Ah, yes. The day that divides offices, torments family, and confuses consumers everywhere has come and gone. Publishers, brands, and PR agencies alike have to decide whether it’s worth the risk to cash in on April 1st: fool their audiences and get a laugh, or deal with the fallout. Microsoft went so far as to ban employees from pranking or participating in April Fools entirely in an internal memo, while other companies took to social media to subject us to their antics.
The most engaged content on the Web for April 1st
Monday was a tough day for news. Publishers were busy covering rapper Nipsey Hussle’s death, and social media was alight with people mourning the loss. It had by far the most engagements, with constant updates throughout the day diving deeper into the story. Amid all of that, the Babylon Bee’s story about CNN publishing “real news for once” was the only ‘April Fools’ content that broke the top 10 in engagements to web content, the rest of the top 10 was comprised of normal news. The only article that came close to half of NBC’s numbers on their Nipsey coverage was Delish’s story about Target’s inflatable pools.
Native Facebook posts however, were a hotbed for brands this April Fools, with McDonald’s Australia taking the top spot. Quite a few brands went all in this year, with many acknowledging customer reactions in their Facebook comments and stretching consumers’ belief in the jokes to a maximum. Most brands posted images to Facebook early Monday morning and let the chips fall where they may, but a few stirred up strong emotions within their audiences, particularly food-related pranks, with comments pleading for their joke to become a reality.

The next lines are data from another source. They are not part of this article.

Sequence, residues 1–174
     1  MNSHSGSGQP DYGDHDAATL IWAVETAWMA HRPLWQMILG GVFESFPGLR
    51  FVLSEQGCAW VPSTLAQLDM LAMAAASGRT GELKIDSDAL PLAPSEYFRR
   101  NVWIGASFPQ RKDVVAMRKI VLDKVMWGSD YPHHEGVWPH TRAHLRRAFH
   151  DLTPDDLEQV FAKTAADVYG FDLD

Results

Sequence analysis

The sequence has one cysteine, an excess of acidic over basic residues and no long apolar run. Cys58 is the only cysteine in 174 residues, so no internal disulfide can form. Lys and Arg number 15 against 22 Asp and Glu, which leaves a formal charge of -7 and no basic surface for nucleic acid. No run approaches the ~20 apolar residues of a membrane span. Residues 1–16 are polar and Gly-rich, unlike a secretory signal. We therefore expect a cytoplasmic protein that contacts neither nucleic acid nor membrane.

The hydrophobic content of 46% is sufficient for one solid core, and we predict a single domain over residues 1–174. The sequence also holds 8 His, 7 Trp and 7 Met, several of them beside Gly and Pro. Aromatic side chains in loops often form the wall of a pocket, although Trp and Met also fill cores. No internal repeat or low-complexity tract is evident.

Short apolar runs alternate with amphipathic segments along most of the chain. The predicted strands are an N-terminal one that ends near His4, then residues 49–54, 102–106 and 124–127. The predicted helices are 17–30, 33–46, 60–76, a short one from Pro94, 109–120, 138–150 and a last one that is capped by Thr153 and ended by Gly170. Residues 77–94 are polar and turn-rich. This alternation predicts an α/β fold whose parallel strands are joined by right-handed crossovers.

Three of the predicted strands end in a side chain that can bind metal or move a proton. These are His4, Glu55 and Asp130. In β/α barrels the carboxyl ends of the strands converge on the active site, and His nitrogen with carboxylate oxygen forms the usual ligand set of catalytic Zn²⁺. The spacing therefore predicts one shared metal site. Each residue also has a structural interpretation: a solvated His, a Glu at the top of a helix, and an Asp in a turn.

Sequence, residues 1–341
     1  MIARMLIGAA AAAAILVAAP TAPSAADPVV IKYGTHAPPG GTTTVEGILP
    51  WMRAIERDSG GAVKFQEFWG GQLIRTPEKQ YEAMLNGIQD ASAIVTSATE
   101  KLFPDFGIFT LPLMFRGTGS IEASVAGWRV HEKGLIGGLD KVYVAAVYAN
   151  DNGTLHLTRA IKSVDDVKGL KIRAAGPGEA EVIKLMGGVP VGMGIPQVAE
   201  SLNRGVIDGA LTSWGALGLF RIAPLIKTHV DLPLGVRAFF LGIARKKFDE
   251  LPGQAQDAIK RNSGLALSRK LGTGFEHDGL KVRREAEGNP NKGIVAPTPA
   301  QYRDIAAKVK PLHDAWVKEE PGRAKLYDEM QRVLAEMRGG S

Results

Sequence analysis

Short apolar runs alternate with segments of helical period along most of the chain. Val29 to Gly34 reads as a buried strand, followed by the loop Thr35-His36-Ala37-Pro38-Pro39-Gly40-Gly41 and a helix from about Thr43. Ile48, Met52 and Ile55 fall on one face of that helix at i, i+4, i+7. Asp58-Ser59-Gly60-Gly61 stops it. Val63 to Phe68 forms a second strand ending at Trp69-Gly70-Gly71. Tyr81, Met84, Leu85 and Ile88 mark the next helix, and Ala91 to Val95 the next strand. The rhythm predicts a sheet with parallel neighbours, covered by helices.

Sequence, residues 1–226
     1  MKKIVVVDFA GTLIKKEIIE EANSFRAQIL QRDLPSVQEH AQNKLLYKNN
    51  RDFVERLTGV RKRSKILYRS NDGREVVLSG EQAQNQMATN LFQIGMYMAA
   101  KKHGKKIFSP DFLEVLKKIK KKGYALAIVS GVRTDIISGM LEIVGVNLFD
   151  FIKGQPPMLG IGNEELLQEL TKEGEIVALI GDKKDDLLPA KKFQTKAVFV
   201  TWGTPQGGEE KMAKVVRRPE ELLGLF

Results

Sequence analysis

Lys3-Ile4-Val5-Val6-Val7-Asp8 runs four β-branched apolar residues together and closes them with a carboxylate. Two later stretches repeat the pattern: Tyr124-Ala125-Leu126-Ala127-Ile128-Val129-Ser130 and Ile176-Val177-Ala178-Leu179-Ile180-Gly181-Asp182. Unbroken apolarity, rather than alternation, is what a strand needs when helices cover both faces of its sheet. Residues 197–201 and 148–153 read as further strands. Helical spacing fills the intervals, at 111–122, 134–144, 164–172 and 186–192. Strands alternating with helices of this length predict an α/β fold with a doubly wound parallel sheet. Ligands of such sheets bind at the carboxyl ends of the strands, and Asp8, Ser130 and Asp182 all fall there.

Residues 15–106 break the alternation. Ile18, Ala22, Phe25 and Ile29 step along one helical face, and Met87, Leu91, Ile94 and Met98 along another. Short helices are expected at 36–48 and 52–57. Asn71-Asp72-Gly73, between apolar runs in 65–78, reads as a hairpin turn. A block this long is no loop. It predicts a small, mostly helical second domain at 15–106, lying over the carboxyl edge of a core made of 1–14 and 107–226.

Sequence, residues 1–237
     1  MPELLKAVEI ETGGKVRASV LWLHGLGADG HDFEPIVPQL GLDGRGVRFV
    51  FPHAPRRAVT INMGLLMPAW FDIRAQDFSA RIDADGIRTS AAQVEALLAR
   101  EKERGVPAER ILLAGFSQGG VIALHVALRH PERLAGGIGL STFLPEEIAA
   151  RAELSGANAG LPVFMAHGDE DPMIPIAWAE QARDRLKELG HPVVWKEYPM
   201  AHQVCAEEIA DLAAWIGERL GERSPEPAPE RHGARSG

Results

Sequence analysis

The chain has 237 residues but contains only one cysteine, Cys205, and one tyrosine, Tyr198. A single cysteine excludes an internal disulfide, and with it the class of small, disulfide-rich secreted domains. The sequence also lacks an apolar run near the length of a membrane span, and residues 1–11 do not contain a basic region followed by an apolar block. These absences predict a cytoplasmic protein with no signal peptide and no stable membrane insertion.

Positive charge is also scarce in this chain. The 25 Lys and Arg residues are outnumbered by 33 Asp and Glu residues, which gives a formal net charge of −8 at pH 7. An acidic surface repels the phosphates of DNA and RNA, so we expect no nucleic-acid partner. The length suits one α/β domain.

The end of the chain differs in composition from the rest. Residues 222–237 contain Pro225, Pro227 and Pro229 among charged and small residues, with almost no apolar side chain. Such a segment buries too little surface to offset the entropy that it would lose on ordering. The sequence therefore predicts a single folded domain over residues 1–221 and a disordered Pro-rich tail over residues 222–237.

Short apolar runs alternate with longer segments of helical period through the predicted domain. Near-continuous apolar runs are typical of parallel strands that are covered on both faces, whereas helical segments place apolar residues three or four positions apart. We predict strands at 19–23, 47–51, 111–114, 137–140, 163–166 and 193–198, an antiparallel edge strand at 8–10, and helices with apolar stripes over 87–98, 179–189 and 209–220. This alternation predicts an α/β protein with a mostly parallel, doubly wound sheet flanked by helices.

Top ‘April Fools’ Brand Content on Facebook
Brands that have their Facebook presence split out into regional Pages often did a different prank for each location, and three of the top ten most engaged posts came from brands’ Australian pages. McDonald’s Australia prank went viral and was covered early Monday morning once news outlets caught wind of it. Toyota “released” a new car specifically for the outback complete with an “extra built-in pie oven, called the ‘PieAce’, disguised neatly behind the rear tailgate.” Krispy Kreme also did well in Australia, advertising a one day only opportunity to snag their glazed dipping sauces for nuggets, but did not engage other markets with an April Fools post.
McDonald’s was another brand that split its campaigns: Australia got the McPickle, while the US got Shake Sauces, featuring different shake flavors for dipping your preferred salty snack into something sweet. Toyota had a different car “released” for each of its pages (US, Australia & Global) and even acknowledged their US car was a “segment creator.” Aldi didn’t post anything on their US facebook page, but Aldi Ireland and Aldi UK both had campaigns targeting shoppers and had many comments wishing their products were real. With the campaigns targeted toward a specific audience, they were able to highlight content in the exact areas they wanted to reach, personalizing the campaigns and getting higher engagement in these regions.
Top 10 engaged general brand posts on Facebook